Tag Archives: bit

Can I use 8 bit to record S-Log?

My opinion is that while 8 bit, 422 can be used for S-Log, it is not something I would recommend. I’d rather use a cinegamma with 8 bit recording where possible. 10 bit 422 S-log is another matter altogether, this is well worth using and works very well indeed. It’s not so much whether you use 444, 422 or maybe even 420, but the number of bits that you use to record your output.

What you have to consider is this. With 8 bit, you have 240 shades of grey from black to super white. Of the 256 bits available, 16 are used for sync, white is at 235 and super white 256 so black to 100% white is only 219. With Rec-709, standard gamma, on an F3 and most other cameras you get about an 8 stop range, so each stop of exposure has about 30 shades of grey. The stops above middle grey where faces and skin tones are have the most shades, often around 50 or more. Then you hit the knee at 90% and each stop only has a handful of shades (why over exposure looks bad).

When you go to S-Log, you now have around 13 stops of DR (14 with S-log2 and S-Log3), so now each stop above middle grey only has approx 18 shades. Potentially using 8 bit for S-Log, before you even start to grade, your image will be seriously degraded if you have any flat or near flat surfaces like walls or the sky in your scene.

Now think about how you expose S-Log. Mid grey sits at 38% when you shoot. If you then grade this to Rec-709 for display on a normal TV then you are going to stretch the lower end of your image by approx 30%, so when you stretch you 18 steps of S-Log grey to get to Rec-709 you then end up with the equivalent of only around 12 shades of grey for each stop, that’s less than half of what you would have if you had originally shot using Rec-709. I’m sure most of us have at some point seen banding on walls or the sky with standard gammas and 8 bit, just imagine what might happen if you effectively halve the number of grey shades you have.

By way of a contrast, just consider that 10 bit has 956 grey shades from black to super white. the first 64 bits are used for sync and other data, 100% white is bit 940 and super white 1019. So when shooting S-Log using 10 bit you have about 73 grey shades per stop, a four fold improvement over 8 bit S-Log so even after shooting S-Log and grading to Rec-709 there are still almost twice as many grey shades than if you had originally shot at 8 bit Rec-709.

This is a bit of an over simplification as during the grading process, if your workflow is fully optimised you would be grading from 8 bit to 10 bit and there are ways of taking your original 8 bit master and extrapolating additional grey shades from that signal through smoothing or other calculations. But the reality is that 8 bits for a 13 stop dynamic range is really not enough.

The whole reason for S-Log is to give us a way to take the 14 stop range of a high end camera sensor and squeeze as much of that signal as possible into a signal that remains useable and will pass through existing editing and post production workflows without the need for extensive processing such as de-bayering or RAW conversion. This isn’t to much of a problem if you have a 10 bit recording, but with an 8 bit recording making it work well is challenging. It can be done, but it is not ideal.

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Can you see the difference between a 8 bit and 10 bit camera output?

The question is can you see a difference between a camera with a 10 bit output and one with an 8 bit output? This is being asked a lot right now, in particular in relation to the Sony FS100 and the Sony F3. The FS100 has an 8 bit output and the F3 is 10 bit.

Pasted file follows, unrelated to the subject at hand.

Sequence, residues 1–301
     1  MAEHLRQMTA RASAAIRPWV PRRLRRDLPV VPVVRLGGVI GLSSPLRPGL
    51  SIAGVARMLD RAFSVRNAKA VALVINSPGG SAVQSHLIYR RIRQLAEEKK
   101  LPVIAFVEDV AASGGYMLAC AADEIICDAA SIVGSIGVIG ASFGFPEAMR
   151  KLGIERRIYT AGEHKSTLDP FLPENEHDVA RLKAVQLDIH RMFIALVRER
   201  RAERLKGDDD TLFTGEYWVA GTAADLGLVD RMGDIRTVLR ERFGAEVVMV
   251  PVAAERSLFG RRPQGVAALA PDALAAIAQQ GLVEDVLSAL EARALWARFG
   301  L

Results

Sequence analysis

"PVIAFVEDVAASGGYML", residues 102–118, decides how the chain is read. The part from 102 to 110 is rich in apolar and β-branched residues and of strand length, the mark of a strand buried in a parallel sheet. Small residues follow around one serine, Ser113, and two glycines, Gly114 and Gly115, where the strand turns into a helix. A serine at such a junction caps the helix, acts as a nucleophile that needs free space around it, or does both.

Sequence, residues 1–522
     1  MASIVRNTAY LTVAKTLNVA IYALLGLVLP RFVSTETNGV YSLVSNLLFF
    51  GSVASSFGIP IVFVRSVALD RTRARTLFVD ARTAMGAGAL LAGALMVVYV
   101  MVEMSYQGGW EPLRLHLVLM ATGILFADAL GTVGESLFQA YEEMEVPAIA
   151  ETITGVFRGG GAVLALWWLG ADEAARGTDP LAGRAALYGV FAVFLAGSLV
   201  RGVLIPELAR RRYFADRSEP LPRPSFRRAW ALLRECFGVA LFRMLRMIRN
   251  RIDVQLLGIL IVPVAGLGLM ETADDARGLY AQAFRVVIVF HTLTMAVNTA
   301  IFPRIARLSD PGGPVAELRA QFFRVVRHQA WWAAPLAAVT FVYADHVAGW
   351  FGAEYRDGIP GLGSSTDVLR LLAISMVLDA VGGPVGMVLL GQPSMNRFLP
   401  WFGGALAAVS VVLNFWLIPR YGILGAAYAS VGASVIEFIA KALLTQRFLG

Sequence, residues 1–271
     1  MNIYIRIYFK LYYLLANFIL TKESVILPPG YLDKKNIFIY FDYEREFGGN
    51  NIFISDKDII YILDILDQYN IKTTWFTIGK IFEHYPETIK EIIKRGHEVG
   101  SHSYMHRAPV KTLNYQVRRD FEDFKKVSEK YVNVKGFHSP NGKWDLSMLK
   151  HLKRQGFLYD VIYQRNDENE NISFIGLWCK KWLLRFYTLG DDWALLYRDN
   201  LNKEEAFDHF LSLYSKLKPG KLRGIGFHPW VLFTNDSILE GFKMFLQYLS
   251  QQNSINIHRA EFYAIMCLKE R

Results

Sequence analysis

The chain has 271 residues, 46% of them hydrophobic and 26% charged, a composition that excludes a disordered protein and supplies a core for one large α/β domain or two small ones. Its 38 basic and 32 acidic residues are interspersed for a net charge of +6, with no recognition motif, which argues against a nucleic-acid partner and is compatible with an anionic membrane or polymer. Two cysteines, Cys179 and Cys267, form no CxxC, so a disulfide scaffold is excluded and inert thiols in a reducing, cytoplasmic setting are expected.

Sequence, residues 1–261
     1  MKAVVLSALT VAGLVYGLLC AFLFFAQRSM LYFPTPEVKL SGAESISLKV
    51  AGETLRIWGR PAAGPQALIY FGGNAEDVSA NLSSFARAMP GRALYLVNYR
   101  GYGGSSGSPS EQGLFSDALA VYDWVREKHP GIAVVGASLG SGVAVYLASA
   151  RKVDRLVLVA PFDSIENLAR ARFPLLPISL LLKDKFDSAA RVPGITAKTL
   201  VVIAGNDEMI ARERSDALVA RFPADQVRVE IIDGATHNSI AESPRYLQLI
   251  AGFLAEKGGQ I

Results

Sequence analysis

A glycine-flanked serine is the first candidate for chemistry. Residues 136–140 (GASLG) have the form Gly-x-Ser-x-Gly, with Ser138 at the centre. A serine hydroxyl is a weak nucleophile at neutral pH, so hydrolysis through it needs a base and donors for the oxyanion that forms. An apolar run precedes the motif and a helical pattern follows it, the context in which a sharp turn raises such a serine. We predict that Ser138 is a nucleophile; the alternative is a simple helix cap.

If your looking at the raw camera output then you will find it just about impossible to see a difference with normal monitoring equipment. This is because internally the cameras process the images using more than 8 bits (probably at least 10 on the FS100, the EX3 is 12 bit) and then convert to 8 or 10 bit for output so you should have nice smooth mapping of graduations to the full 8 bit output. Then consider that most LCD monitors are not able to display even 8 bits. The vast majority of monitors have a 6 bit panel and even a rare 8 bit monitor wont display all 8 bits as it has to do a gamma correction at 8 bits and this results in less than 8 bits being displayed. 10 bit monitors are very rare and again as gamma correction is normally required there is rarely a 1:1 bit for bit mapping of the 10 bit signal, so even these don’t show the full 10 bits of the input signal.  So it becomes apparent that when you view the original material the differences will not normally be visible and often the only way to determine what the output signal actually is is with a data analyser that can decode the HDSDi stream and tell you whether the 2 extra bits actually contain useful image data or are just padding.
Where the 8 bit, 10 bit difference will become apparent is after grading and post production. I wrote a more in depth article here: Why rendering form 8 bit to 8 bit can be a bad thing to do. But basically when you start manipulating an 8 bit image you will see banding issues a lot sooner than with 10 bit due to the reduced number of luma/color shades in 8 bit. Stretch out or compress 8 bit and some of those shades get removed or shifted and when the number of steps/shades is borderline to start with if you start throwing more away you will get issues.

Why rendering form 8 bit to 8 bit can be a bad thing to do.

When you transcode from 8 bit to 8 bit you will almost always have some issues with banding if there are any changes in the gamma or gain within the image. As you are starting with 8 bits or 240 shades of grey (bits 16 to 255 assuming recording to 109%) and encoding to 240 shades the smallest step you can ever have is 1/240th. If whatever you are encoding or rendering determines that lets say level 128 should now be level 128.5, this can’t be done, we can only record whole bits, so it’s rounded up or down to the closest whole bit. This rounding leads to a reduction in the number of shades recorded overall and can lead to banding.